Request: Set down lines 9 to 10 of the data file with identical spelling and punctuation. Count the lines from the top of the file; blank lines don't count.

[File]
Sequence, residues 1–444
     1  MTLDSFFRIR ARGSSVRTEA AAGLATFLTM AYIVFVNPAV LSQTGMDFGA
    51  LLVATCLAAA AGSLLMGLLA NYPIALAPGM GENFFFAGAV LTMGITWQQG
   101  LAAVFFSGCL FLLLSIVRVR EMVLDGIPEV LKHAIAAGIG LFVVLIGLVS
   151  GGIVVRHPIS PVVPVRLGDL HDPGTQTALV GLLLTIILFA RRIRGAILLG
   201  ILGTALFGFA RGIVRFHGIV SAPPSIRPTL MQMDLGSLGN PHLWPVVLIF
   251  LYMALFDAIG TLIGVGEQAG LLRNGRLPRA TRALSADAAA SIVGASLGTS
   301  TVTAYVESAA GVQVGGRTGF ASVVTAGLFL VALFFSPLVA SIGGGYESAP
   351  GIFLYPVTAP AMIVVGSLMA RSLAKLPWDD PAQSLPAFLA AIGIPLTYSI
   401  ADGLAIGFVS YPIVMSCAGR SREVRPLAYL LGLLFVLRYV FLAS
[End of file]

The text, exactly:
   351  GIFLYPVTAP AMIVVGSLMA RSLAKLPWDD PAQSLPAFLA AIGIPLTYSI
   401  ADGLAIGFVS YPIVMSCAGR SREVRPLAYL LGLLFVLRYV FLAS